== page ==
I really don’t know the exact source of modern society’s demented obsession with romantic love and finding another person to be with. I’d like to blame Shakespeare, but the notion started years before Romeo and Juliet flitted across the stage as starcrossed lovers. It’s undeniable though that if such a love story could transcend hundreds of years, there’s a bit of glorification in the tale. All those lovey dovey sonnets of being unable to exist without the other person? Goddamn, Shakespeare, take it down a notch. You are killing me here.
We must carefully examine the messages here. What do holidays like Valentine’s Day and pop songs tell us about love and our lives? Is our ultimate goal in life really just find someone and to start a family? Is being alone really that unfulfilling? Do we need someone else to “complete” us? Are we really not yet whole when we are without romantic companionship? Do you really believe that bullshit? That we cannot truly exist fully unless we do it in conjunction with another person? That we as single people right now are not final versions of ourselves until we meet our “better halves”?
Up until the last two years I couldn’t even relate to most of the songs I listened to because they were all about love and heartbreak. I had never experienced the reality of loving another person romantically, or of the loss incurred when I lost them somehow. They were just words to me. Nonetheless, I sang along like I knew what it meant to be heartbroken and in love anyway. Because I thought that was what I supposed to do.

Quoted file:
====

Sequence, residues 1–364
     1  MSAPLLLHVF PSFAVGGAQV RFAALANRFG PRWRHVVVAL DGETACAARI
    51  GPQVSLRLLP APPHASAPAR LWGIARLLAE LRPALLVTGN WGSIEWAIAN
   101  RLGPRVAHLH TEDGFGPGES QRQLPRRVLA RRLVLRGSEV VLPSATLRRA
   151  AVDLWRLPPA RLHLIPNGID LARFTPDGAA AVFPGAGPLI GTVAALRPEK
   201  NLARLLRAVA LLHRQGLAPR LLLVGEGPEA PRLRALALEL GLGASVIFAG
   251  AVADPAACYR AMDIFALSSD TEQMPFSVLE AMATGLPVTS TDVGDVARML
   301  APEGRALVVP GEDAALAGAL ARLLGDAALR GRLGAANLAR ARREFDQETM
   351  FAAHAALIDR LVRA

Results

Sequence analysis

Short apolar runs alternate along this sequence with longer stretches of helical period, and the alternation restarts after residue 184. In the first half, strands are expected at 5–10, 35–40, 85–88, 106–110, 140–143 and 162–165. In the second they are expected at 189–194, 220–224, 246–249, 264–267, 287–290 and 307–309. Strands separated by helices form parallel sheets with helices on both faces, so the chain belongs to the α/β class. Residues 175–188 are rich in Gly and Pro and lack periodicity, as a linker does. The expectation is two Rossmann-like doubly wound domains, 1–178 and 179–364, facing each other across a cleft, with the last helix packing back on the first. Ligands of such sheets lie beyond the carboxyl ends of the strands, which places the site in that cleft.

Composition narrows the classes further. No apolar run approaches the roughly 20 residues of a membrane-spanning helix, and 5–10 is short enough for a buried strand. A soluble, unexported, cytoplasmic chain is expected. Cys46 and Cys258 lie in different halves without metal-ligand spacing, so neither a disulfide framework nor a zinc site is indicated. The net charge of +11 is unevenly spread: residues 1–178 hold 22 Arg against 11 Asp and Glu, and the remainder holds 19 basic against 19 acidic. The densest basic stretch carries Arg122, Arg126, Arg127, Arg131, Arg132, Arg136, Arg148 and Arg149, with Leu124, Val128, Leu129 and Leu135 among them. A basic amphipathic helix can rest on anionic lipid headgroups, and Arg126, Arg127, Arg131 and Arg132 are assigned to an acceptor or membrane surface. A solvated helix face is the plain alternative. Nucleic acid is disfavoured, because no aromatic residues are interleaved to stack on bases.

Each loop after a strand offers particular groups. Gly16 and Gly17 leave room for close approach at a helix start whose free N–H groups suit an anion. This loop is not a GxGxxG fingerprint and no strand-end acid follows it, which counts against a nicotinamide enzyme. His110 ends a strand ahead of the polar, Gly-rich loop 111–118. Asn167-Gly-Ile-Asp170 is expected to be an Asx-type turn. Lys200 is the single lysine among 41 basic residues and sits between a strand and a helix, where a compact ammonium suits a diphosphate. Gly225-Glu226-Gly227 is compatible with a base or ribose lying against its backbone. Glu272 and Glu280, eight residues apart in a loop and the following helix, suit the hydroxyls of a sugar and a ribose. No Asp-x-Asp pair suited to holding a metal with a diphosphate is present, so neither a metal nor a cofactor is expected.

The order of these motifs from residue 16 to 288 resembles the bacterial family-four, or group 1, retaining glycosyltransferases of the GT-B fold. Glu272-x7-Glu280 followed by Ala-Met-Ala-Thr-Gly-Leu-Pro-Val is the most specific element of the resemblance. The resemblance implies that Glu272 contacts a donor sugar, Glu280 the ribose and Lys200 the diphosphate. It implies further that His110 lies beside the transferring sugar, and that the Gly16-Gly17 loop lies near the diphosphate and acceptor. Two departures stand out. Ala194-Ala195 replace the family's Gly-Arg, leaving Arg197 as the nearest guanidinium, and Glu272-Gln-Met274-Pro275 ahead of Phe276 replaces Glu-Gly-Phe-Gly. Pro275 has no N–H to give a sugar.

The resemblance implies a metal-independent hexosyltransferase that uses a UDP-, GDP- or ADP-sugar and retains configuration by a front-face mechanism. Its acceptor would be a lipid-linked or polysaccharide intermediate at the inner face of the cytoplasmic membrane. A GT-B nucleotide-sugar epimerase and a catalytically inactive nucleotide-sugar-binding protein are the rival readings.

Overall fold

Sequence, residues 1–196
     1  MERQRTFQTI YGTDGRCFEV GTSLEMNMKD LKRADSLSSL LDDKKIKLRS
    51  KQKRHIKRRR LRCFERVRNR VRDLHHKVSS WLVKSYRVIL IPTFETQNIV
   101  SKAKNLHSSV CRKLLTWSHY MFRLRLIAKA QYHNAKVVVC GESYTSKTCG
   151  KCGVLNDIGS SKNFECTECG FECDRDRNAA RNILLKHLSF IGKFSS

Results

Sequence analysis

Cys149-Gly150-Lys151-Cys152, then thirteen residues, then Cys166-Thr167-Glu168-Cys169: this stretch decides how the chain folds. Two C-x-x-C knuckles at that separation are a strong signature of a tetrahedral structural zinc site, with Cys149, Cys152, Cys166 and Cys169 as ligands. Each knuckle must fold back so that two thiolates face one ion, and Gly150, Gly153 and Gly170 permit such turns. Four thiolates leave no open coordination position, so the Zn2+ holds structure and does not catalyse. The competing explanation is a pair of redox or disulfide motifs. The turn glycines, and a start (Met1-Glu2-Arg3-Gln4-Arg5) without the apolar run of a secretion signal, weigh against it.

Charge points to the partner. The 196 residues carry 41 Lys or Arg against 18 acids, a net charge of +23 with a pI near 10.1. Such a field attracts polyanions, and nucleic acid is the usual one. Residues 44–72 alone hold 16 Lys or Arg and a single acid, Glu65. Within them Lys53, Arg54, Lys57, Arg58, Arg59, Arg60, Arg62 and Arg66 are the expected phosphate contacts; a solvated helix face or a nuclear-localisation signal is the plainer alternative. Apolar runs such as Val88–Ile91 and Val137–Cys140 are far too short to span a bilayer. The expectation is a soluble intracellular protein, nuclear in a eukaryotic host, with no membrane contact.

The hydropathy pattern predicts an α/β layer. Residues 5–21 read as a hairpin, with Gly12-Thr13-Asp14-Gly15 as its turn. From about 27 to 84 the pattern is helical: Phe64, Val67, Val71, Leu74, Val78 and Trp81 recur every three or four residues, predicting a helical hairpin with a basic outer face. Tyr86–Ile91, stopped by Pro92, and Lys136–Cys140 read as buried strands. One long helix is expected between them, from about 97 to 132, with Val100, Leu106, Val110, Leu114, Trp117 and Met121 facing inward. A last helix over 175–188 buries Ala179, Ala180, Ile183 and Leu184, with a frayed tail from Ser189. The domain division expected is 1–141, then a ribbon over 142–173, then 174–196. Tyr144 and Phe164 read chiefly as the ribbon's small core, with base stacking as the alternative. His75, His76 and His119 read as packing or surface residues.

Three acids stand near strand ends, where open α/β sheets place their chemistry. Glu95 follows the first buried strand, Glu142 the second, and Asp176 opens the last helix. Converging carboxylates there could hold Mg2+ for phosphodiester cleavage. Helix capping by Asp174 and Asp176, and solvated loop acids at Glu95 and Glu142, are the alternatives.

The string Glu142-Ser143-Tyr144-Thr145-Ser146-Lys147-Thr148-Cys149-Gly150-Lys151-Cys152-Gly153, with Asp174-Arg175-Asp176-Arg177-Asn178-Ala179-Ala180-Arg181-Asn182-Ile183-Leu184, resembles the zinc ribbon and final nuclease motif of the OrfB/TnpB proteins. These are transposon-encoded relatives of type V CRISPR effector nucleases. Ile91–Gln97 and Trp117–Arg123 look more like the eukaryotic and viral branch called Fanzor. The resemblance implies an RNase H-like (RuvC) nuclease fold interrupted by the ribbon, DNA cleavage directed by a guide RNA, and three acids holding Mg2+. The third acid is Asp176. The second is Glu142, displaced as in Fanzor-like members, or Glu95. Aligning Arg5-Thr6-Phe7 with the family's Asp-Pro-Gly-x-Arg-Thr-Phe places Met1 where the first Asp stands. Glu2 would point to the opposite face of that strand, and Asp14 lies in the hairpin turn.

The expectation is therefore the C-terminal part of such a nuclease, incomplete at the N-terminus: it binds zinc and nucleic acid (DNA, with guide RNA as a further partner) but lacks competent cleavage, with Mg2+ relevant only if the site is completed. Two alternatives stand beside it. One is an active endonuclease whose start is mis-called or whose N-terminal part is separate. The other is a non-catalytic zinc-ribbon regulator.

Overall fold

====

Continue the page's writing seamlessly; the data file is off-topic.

The deeper idea that I am attempting to reach here is the act of loving me. It is the act of being happy in the companionship of no one other than myself. So much of our lives are spent in other people’s presence even if we’re not close to them. So much of our lives are also spent chasing after different people who we think can make us happy, can change us, can fulfill us, and can fill the empty hole of loneliness for us. And when they don’t, we lose hope. We become disillusioned. We fall out of love with them. When will we start to understand that none of our problems with living can be solved by being with someone else?
The experiences of romantic love and non-platonic ways of life are great. But they are not cure-alls. They are not solutions to our problems with our self-esteems, self-perception, and flaws. Love at its best form is supposed to add to who we are as people. It is supposed to be that extra seasoning on top of an already solid plate. We have to stop searching for people to fix us. We have to stop looking for better versions of ourselves in other people and start becoming those self-perceived versions of ourselves. We have to stop pretending that being in the company of ourselves is a sad thing to do, because it really is quite the opposite.